Mr. Stuart looked at Linsey and then at the exit the boy had just used to leave the department store.
The next week Sam and Hannah came in wearing new coats, ones that fit them perfectly. They both had huge smiles on their faces.
“My, what happened to you lovely people?” Linsey asked as the two children stood eagerly in front of the perfume counter. Her new floor manager, Mr. Brown, came to inspect the children as well.
“Daddy got a job!” Hannah said. She twirled around in her new coat. “And we got new coats!”
“I can see that,” Linsey said. “You look fabulous in it!” She turned to Sam.
“Yes, a guy came up to Dad in the street the other day and offered him a job in the finance department of this warehouse. Can you believe it?”
“No!” Linsey exclaimed. That was the most unlikely story she had heard of in a long time. “Just like that?”
“Yes, just like that. Isn’t it great?” Sam’s smile was so big, it nearly split his face in two.
In the meantime, Linsey had already taken out the Chanel No.5 perfume bottle. Both kids held out their wrists and she sprayed them both. The wonderful smell wafted through the air as the kids waved their arms about. The focus of the children’s eyes went into space, into a time gone by, when they smelled their wrists.
“Thank you,” Sam said.
“Any time,” Linsey replied.
Sam nodded and turned his sister around. Together they left the store, hugging each other.
The rest of the day, sales were lower than expected so close to Christmas. Not too many customers could afford expensive gifts like perfume anymore. The war in Europe didn’t help the economy that much over here.
“Come on, Linsey, we’ve got to go to the meeting,” Mr. Brown said at the end of the day.
“Ah yes, the meeting,” Linsey said. She didn’t want to go to the boring end-of-year meeting. It was just a lot of blah blah about how times were tough and how much harder they had to work to sell more. But everyone had to go, as per always. They closed the till and took the elevator to the warehouse part of the building. It was the only space large enough for all staff to be at once.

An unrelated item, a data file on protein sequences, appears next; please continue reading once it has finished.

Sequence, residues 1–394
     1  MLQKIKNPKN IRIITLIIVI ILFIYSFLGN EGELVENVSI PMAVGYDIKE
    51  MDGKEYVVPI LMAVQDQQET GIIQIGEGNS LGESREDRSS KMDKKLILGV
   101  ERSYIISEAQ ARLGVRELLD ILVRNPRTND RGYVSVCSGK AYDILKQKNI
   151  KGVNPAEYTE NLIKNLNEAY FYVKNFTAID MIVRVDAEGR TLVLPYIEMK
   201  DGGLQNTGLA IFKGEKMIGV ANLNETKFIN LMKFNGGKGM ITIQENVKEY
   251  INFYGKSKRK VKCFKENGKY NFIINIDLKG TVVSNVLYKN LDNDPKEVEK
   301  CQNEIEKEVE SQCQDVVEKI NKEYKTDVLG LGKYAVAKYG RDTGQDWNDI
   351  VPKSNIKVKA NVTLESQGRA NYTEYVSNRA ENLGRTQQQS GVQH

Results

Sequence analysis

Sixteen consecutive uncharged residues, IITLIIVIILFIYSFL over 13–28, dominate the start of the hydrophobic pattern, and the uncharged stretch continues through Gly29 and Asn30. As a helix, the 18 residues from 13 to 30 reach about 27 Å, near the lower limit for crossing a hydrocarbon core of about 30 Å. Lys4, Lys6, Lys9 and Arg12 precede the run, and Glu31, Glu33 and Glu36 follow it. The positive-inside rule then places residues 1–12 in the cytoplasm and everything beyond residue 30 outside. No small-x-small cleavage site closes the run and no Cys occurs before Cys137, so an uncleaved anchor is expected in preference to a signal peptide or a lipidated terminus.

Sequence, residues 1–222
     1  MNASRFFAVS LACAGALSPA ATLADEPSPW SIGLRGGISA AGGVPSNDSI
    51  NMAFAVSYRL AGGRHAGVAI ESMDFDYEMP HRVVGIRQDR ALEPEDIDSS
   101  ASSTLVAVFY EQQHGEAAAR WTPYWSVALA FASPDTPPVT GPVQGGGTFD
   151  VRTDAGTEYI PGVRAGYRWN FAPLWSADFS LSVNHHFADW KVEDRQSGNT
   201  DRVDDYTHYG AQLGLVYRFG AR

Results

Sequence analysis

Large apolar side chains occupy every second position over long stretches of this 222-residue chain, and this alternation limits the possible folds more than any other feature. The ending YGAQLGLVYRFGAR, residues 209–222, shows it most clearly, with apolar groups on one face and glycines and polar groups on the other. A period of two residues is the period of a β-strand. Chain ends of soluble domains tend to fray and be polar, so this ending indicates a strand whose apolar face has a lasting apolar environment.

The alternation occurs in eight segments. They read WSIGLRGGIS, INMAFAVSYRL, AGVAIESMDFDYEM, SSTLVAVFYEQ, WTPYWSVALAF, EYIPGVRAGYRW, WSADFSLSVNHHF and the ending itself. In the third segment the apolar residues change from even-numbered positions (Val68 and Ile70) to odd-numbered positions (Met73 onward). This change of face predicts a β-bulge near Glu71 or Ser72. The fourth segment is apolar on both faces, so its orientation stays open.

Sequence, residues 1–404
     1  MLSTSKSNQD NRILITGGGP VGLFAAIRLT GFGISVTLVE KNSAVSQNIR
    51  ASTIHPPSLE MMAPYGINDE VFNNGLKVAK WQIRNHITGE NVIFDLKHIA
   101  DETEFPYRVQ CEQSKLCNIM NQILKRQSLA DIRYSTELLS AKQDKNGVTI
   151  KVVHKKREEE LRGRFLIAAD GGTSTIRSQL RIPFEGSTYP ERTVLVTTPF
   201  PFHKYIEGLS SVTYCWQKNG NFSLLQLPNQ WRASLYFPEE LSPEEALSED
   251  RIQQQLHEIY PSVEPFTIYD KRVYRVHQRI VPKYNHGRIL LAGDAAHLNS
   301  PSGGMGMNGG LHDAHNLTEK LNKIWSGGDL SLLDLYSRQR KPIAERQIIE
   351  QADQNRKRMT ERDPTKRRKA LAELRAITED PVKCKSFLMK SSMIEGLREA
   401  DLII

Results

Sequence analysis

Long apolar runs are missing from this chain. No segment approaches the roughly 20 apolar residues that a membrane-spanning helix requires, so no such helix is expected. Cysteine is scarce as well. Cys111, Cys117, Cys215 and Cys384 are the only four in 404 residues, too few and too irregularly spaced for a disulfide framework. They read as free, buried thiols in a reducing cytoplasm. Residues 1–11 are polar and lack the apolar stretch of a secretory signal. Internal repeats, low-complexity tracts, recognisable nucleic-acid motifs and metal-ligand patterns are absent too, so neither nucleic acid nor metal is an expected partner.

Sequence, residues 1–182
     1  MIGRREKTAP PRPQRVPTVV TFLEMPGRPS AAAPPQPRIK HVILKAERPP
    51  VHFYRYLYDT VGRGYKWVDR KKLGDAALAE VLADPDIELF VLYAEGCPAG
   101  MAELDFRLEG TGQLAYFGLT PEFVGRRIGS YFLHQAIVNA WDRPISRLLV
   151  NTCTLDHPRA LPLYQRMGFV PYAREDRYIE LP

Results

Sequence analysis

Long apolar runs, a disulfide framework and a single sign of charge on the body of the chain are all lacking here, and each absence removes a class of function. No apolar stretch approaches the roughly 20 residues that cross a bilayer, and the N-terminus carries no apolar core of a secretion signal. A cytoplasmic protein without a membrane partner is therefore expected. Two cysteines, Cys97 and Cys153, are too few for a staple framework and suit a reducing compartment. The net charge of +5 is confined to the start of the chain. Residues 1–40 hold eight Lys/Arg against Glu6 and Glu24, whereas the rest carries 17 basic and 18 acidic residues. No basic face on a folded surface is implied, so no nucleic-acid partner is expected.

Linsey wasn’t a tall girl and standing at the back of the crowd didn’t help her gain interest in what was said. She was picking at her nails when she suddenly heard a voice she recognized. She looked up but couldn’t see.
“Who’s talking?” she asked Mr. Brown.
“It’s Mr. Klein, the new store manager,” Mr. Brown said.
Linsey didn’t know Mr. Klein as he had just been appointed. She had to know for sure though, so she worked her way to the front of the crowd.
There, in a Santa suit, stood a small man. He was telling staff how well they had worked and how proud he was of them. Then, as his speech nearly ended, he took off his Santa hat and Linsey recognized Mr. Stuart, her temporary floor manager.
As Linsey stood there looking at the miracle that was her new boss, their eyes met. A little twinkle gleamed in Mr. Klein’s eyes before he looked on at other staff as he addressed them.
‘He truly is Santa,’ Linsey thought and couldn’t stop smiling.
Copyrighted © Jacky Dahlhaus